This week we were playing a family history game as a family and my son had to answer the question, "What occupation did one of your ancestors have?" He had trouble thinking of an answer right away, not realizing his grandparents count as ancestors, but he knew at least one place where he could look to find occupations for ancestors he has never met.
There are several places to find what occupation helped ancestors provide for their families. Census records exist in many countries and often include occupations. Other sources include city directories and local histories. While knowing your ancestors' occupations can help you know what their life was like, that information can also help you know if you have found the right person in your record searches. If you come across a situation in which you find two people with similar names, dates, and places sometimes their occupation can help you determine which one is the "right" one. Additionally, some occupations can lead to additional record groups, such as railroad employment or retirement records or school catalogs or yearbooks for teachers.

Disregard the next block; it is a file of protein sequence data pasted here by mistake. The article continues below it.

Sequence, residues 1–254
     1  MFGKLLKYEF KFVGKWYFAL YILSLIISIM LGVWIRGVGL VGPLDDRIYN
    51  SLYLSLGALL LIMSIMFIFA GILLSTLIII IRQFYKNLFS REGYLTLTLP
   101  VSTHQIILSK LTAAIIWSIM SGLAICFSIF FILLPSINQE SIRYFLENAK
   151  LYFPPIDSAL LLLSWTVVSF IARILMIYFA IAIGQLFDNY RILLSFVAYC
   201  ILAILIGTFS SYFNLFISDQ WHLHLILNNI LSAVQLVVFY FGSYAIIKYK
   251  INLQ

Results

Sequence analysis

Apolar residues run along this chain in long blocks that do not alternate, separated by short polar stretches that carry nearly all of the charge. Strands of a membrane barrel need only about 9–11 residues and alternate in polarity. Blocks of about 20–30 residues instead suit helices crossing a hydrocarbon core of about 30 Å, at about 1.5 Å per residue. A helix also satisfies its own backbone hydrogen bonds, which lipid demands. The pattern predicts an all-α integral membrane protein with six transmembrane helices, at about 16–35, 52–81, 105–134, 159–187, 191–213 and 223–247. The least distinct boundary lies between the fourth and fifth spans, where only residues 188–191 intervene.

Sometimes the records may list occupation titles you don't recognize. In other situations, the meaning of a job title may have changed over time. For instance, the job of "fireman" did not necessarily mean someone who puts out fires. It also was the job description of someone responsible for keeping the fire going in steam engines, such as for trains and steam boats.
Here are some websites that can help you determine what an occupational title meant:
Dictionary of Old Occupations: A-Z Index by Family Tree Researcher
World Through the Lens - Obscure Old English Census Occupations
London 1891 Census Transcription Blog - Victorian Occupations
Has knowing the occupation of your ancestor helped you in your research?
What interesting discoveries have you made about how your ancestors supported their families?